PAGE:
Preface xiii Preface to the Second Edition xvii List of Symbols xix About the Authors xxix 1 Introduction 1 2 PvT Behavior of Pure Components 5 2.1 General Description 5 2.2 Caloric Properties 10 2.3 Ideal Gases 14 2.4 Real Fluids 16 2.4.1 Auxiliary Functions 16 2.4.2 Residual Functions 17 2.4.3 Fugacity and Fugacity Coefficient 19 2.4.4 Phase Equilibria 22 2.5 Equations of State 25 2.5.1 Virial Equation 26 2.5.2 High-Precision Equations of State 30 2.5.3 Cubic Equations of State 37 2.5.4 Generalized Equations of State and Corresponding-States Principle 42 2.5.5 Advanced Cubic Equations of State 49 Problems 57 References 60 3 Correlation and Estimation of Pure Component Properties 63 3.1 Introduction 63 3.2 Characteristic Physical Property Constants 63 3.2.1 Critical Data 64 3.2.2 Acentric Factor 69 3.2.3 Normal Boiling Point 69 3.2.4 Melting Point and Enthalpy of Fusion 72 3.2.5 Standard Enthalpy and Standard Gibbs Energy of Formation 74 3.3 Temperature-Dependent Properties 77 3.3.1 Vapor Pressure 78 3.3.2 Liquid Density 90 3.3.3 Enthalpy of Vaporization 94 3.3.4 Ideal Gas Heat Capacity 98 3.3.5 Liquid Heat Capacity 105 3.3.6 Speed of Sound 109 3.4 Correlation and Estimation of Transport Properties 110 3.4.1 Liquid Viscosity 110 3.4.2 Vapor Viscosity 115 3.4.3 Liquid Thermal Conductivity 120 3.4.4 Vapor Thermal Conductivity 125 3.4.5 Surface Tension 128 3.4.6 Diffusion Coefficients 131 Problems 135 References 138 4 Properties of Mixtures 143 4.1 Introduction 143 4.2 Property Changes of Mixing 144 4.3 Partial Molar Properties 145 4.4 Gibbs–Duhem Equation 148 4.5 Ideal Mixture of Ideal Gases 150 4.6 Ideal Mixture of Real Fluids 152 4.7 Excess Properties 153 4.8 Fugacity in Mixtures 154 4.8.1 Fugacity of an Ideal Mixture 155 4.8.2 Phase Equilibrium 155 4.9 Activity and Activity Coefficient 156 4.10 Application of Equations of State to Mixtures 157 4.10.1 Virial Equation 158 4.10.2 Cubic Equations of State 159 Problems 169 References 170 5 Phase Equilibria in Fluid Systems 173 5.1 Introduction 173 5.2 Thermodynamic Fundamentals 185 5.3 Application of Activity Coefficients 192 5.4 Calculation of Vapor–Liquid Equilibria Using gE Models 195 5.5 Fitting of gE Model Parameters 212 5.5.1 Check of VLE Data for Thermodynamic Consistency 218 5.5.2 Recommended gE Model Parameters 227 5.6 Calculation of Vapor–Liquid Equilibria Using Equations of State 229 5.6.1 Fitting of Binary Parameters of Cubic Equations of State 235 5.7 Conditions for the Occurrence of Azeotropic Behavior 243 5.8 Solubility of Gases in Liquids 252 5.8.1 Calculation of Gas Solubilities Using Henry Constants 254 5.8.2 Calculation of Gas Solubilities Using Equations of State 262 5.8.3 Prediction of Gas Solubilities 263 5.9 Liquid–Liquid Equilibria 266 5.9.1 Temperature Dependence of Ternary LLE 277 5.9.2 Pressure Dependence of LLE 279 5.10 Predictive Models 280 5.10.1 Regular Solution Theory 281 5.10.2 Group Contribution Methods 282 5.10.3 UNIFAC Method 284 5.10.3.1 Modified UNIFAC (Dortmund) 291 5.10.3.2 Weaknesses of the Group Contribution Methods UNIFAC and Modified UNIFAC 295 5.10.4 Predictive Soave–Redlich–Kwong (PSRK) Equation of State 302 5.10.5 VTPR Group Contribution Equation of State 306 Problems 315 References 319 6 Caloric Properties 323 6.1 Caloric Equations of State 323 6.1.1 Internal Energy and Enthalpy 323 6.1.2 Entropy 326 6.1.3 Helmholtz Energy and Gibbs Energy 327 6.2 Enthalpy Description in Process Simulation Programs 329 6.2.1 Route A: Vapor as Starting Phase 330 6.2.2 Route B: Liquid as Starting Phase 334 6.2.3 Route C: Equation of State 335 6.3 Caloric Properties in Chemical Reactions 343 Problems 349 References 350 7 Electrolyte Solutions 351 7.1 Introduction 351 7.2 Thermodynamics of Electrolyte Solutions 355 7.3 Activity Coefficient Models for Electrolyte Solutions 360 7.3.1 Debye–Hückel Limiting Law 360 7.3.2 Bromley Extension 361 7.3.3 Pitzer Model 361 7.3.4 NRTL Electrolyte Model by Chen 364 7.3.5 LIQUAC Model 372 7.3.6 MSA Model 380 7.4 Dissociation Equilibria 381 7.5 Influence of Salts on the Vapor–Liquid Equilibrium Behavior 383 7.6 Complex Electrolyte Systems 385 Problems 386 References 386 8 Solid–Liquid Equilibria 389 8.1 Introduction 389 8.2 Thermodynamic Relations for the Calculation of Solid–Liquid Equilibria 392 8.2.1 Solid–Liquid Equilibria of Simple Eutectic Systems 394 8.2.1.1 Freezing Point Depression 401 8.2.2 Solid–Liquid Equilibria of Systems with Solid Solutions 402 8.2.2.1 Ideal Systems 402 8.2.2.2 Solid–Liquid Equilibria for Nonideal Systems 403 8.2.3 Solid–Liquid Equilibria with Intermolecular Compound Formation in the Solid State 406 8.2.4 Pressure Dependence of Solid–Liquid Equilibria 409 8.3 Salt Solubility 409 8.4 Solubility of Solids in Supercritical Fluids 414 Problems 416 References 419 9 Membrane Processes 421 9.1 Osmosis 421 9.2 Pervaporation 424 Problems 425 References 426 10 Polymer Thermodynamics 427 10.1 Introduction 427 10.2 gE Models 433 10.3 Equations of State 444 10.4 Influence of Polydispersity 460 10.5 Influence of Polymer Structure 464 Problems 465 References 467 11 Applications of Thermodynamics in Separation Technology 469 11.1 Introduction 469 11.2 Verification of Model Parameters Prior to Process Simulation 474 11.2.1 Verification of Pure Component Parameters 474 11.2.2 Verification of gE Model Parameters 475 11.3 Investigation of Azeotropic Points in Multicomponent Systems 483 11.4 Residue Curves, Distillation Boundaries, and Distillation Regions 484 11.5 Selection of Entrainers for Azeotropic and Extractive Distillation 491 11.6 Selection of Solvents for Other Separation Processes 499 11.7 Selection of Solvent-Based Separation Processes 499 Problems 503 References 504 12 Enthalpy of Reaction and Chemical Equilibria 505 12.1 Introduction 505 12.2 Enthalpy of Reaction 506 12.2.1 Temperature Dependence 507 12.2.2 Consideration of the Real Gas Behavior on the Enthalpy of Reaction 509 12.3 Chemical Equilibrium 511 12.4 Multiple Chemical Reaction Equilibria 530 12.4.1 Relaxation Method 531 12.4.2 Gibbs Energy Minimization 535 Problems 544 References 547 13 Examples for Complex Systems 549 13.1 Introduction 549 13.2 Formaldehyde Solutions 549 13.3 Vapor Phase Association 555 Problems 568 References 570 14 Practical Applications 573 14.1 Introduction 573 14.2 Flash 573 14.3 Joule–Thomson Effect 575 14.4 Adiabatic Compression and Expansion 577 14.5 Pressure Relief 581 14.6 Limitations of Equilibrium Thermodynamics 586 Problems 589 References 591 15 Experimental Determination of Pure Component and Mixture Properties 593 15.1 Introduction 593 15.2 Pure Component Vapor Pressure and Boiling Temperature 594 15.3 Enthalpy of Vaporization 598 15.4 Critical Data 599 15.5 Vapor–Liquid Equilibria 599 15.5.1 Dynamic VLE Stills 601 15.5.2 Static Techniques 604 15.5.3 Degassing 611 15.5.4 Headspace Gas Chromatography (HSGC) 613 15.5.5 High-Pressure VLE 614 15.5.6 Inline True Component Analysis in Reactive Mixtures 616 15.6 Activity Coefficients at Infinite Dilution 617 15.6.1 Gas Chromatographic Retention Time Measurement 618 15.6.2 Inert Gas Stripping (Dilutor) 620 15.6.3 Limiting Activity Coefficients of High Boilers in Low Boilers 622 15.7 Liquid–Liquid Equilibria (LLE) 622 15.8 Gas Solubility 623 15.9 Excess Enthalpy 624 Problems 626 References 626 16 Introduction to the Collection of Example Problems 631 16.1 Introduction 631 16.2 Mathcad Examples 631 16.3 Examples Using the Dortmund Data Bank (DDB) and the Integrated Software Package DDBSP 633 16.4 Examples Using Microsoft Excel and Microsoft Office VBA 634 Appendix A Pure Component Parameters 635 Appendix B Coefficients for High-Precision Equations of State 663 References 668 Appendix C Useful Derivations 669 A1 Relationship Between (??s/??T)P and (??s/??T)v 670 A2 Expressions for (??u/??v)T and (??s/??v)T 670 A3 cP and cv as Derivatives of the Specific Entropy 671 A4 Relationship Between cP and cv 672 A5 Expression for (??h/??P)T 673 A6 Expression for (??s/??P)T 674 A7 Expression for [??(g/RT)/??T]P and van’t Hoff Equation 674 A8 General Expression for cv 675 A9 Expression for (??P/??v)T 676 A10 Cardano’s Formula 676 B1 Derivation of the Kelvin Equation 677 B2 Equivalence of Chemical Potential ? and Gibbs Energy g for a Pure Substance 678 B3 Phase Equilibrium Condition for a Pure Substance 679 B4 Relationship Between Partial Molar Property and State Variable (Euler Theorem) 681 B5 Chemical Potential in Mixtures 681 B6 Relationship Between Second Virial Coefficients of Leiden and Berlin Form 682 B7 Derivation of Expressions for the Speed of Sound for Ideal and Real Gases 683 B8 Activity of the Solvent in an Electrolyte Solution 685 B9 Temperature Dependence of the Azeotropic Composition 686 B10 Konovalov Equations 688 C1 (s–sid)T,P 691 C2 (h–hid)T,P 692 C3 (g–gid)T,P 692 C4 Relationship Between Excess Enthalpy and Activity Coefficient 692 D1 Fugacity Coefficient for a Pressure-Explicit Equation of State 692 D2 Fugacity Coefficient of the Virial Equation (Leiden Form) 694 D3 Fugacity Coefficient of the Virial Equation (Berlin Form) 695 D4 Fugacity Coefficient of the Soave–Redlich–Kwong Equation of State 696 D5 Fugacity Coefficient of the PSRK Equation of State 698 D6 Fugacity Coefficient of the VTPR Equation of State 702 E1 Derivation of the Wilson Equation 707 E2 Notation of the Wilson, NRTL, and UNIQUAC Equations in Process Simulation Programs 710 E3 Inability of the Wilson Equation to Describe a Miscibility Gap 711 F1 (h–hid) for Soave–Redlich–Kwong Equation of State 713 F2 (s–sid) for Soave–Redlich–Kwong Equation of State 715 F3 (g–gid) for Soave–Redlich–Kwong Equation of State 715 F4 Antiderivatives of cid P Correlations 715 G1 Speed of Sound as Maximum Velocity in an Adiabatic Pipe with Constant Cross-Flow Area 717 G2 Maximum Mass Flux of an Ideal Gas 717 References 719 Appendix D Standard Thermodynamic Properties for Selected Electrolyte Compounds 721 Reference 722 Appendix E Regression Technique for Pure Component Data 723 Appendix F Regression Techniques for Binary Parameters 727 References 741 Appendix G Ideal Gas Heat Capacity Polynomial Coefficients for Selected Compounds 743 Reference 744 Appendix H UNIFAC Parameters 745 Further Reading 746 Appendix I Modified UNIFAC Parameters 747 Further Reading 751 Appendix J PSRK Parameters 753 Further Reading 755 Appendix K VTPR Parameters 757 References 759 Further Readings 760 Index 761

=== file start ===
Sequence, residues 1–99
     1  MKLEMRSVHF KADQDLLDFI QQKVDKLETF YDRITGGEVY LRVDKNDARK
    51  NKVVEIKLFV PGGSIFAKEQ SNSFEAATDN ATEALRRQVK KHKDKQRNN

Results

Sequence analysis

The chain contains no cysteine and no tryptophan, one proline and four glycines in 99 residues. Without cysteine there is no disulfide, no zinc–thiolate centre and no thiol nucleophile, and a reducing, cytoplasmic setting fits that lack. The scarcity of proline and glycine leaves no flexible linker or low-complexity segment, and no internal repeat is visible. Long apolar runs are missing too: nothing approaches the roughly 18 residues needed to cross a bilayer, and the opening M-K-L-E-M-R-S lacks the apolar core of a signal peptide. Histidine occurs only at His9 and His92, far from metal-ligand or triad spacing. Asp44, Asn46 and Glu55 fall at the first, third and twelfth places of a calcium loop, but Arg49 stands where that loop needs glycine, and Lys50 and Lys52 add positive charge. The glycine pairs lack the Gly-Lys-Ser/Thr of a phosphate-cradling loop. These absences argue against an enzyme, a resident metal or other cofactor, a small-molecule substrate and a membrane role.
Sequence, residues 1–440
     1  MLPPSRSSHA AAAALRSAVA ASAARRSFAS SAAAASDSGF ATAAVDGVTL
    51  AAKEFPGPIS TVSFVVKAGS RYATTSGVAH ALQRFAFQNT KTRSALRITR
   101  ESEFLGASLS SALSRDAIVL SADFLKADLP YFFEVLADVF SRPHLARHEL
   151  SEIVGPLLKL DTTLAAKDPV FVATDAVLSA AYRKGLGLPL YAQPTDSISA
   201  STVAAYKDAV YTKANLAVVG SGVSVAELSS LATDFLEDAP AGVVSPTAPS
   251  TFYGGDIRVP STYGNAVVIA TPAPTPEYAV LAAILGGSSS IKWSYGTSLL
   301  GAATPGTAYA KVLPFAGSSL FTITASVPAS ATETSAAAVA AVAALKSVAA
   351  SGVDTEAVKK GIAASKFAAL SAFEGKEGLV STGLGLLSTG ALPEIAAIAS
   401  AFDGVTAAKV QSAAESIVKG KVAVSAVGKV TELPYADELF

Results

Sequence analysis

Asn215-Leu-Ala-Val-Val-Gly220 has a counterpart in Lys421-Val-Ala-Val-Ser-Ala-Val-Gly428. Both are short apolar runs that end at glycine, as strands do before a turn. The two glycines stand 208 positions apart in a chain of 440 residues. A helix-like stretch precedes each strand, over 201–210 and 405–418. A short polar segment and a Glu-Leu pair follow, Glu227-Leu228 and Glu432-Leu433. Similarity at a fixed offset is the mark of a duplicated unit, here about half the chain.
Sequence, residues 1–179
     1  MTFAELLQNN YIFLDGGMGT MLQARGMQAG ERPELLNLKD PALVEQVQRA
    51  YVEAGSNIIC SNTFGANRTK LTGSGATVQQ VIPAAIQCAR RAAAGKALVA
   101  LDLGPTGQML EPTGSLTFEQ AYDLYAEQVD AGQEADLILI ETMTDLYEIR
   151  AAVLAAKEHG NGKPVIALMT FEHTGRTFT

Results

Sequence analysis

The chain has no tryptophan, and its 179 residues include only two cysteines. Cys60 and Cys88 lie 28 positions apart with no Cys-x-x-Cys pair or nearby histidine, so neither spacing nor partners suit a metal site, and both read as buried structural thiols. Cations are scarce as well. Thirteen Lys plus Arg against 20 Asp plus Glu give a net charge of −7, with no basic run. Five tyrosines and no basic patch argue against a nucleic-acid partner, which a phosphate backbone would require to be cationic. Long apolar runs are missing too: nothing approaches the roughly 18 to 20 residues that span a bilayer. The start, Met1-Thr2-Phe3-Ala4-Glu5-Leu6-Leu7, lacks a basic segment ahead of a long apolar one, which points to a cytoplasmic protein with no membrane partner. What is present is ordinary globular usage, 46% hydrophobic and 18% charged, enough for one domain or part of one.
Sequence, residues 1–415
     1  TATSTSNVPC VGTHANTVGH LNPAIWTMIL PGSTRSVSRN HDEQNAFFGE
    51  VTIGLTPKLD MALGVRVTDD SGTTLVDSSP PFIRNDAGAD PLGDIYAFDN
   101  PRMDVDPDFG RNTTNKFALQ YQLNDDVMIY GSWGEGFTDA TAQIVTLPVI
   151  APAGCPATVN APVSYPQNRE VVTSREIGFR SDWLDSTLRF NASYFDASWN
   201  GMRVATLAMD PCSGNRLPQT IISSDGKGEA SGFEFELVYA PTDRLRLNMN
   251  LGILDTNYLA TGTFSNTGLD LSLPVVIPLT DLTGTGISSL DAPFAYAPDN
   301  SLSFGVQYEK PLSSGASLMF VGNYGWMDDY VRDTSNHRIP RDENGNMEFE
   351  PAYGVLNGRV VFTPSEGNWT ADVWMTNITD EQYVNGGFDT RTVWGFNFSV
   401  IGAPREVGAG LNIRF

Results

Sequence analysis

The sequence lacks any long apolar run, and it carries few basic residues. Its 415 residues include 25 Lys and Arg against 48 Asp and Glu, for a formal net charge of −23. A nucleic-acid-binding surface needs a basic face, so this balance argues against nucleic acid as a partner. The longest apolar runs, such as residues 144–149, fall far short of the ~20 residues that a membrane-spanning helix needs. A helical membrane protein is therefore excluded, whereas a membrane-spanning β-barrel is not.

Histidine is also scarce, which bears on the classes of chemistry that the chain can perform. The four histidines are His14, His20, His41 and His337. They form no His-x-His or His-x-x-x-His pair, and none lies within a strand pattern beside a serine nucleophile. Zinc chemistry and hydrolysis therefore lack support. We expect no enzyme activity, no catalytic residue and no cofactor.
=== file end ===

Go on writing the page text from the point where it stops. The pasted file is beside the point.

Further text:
Jurgen Gmehling, PhD, is Professor of Chemical Engineering at the University of Oldenburg, Germany. He is also president and CEO of DDBST GmbH, Oldenburg, as well as cofounder of LTP GmbH, part of the Carl von Ossietzky University of Oldenburg. Michael Kleiber, PhD, works as a Chief Development Engineer for ThyssenKrupp Uhde, Germany. Barbel Kolbe, PhD, is a senior process engineer for ThyssenKrupp Uhde, Germany. Jurgen Rarey, PhD, is a professor at the University of Oldenburg, Germany, and cofounded DDBST GmbH, Oldenburg. He is also an honorary professor in Durban, South Africa.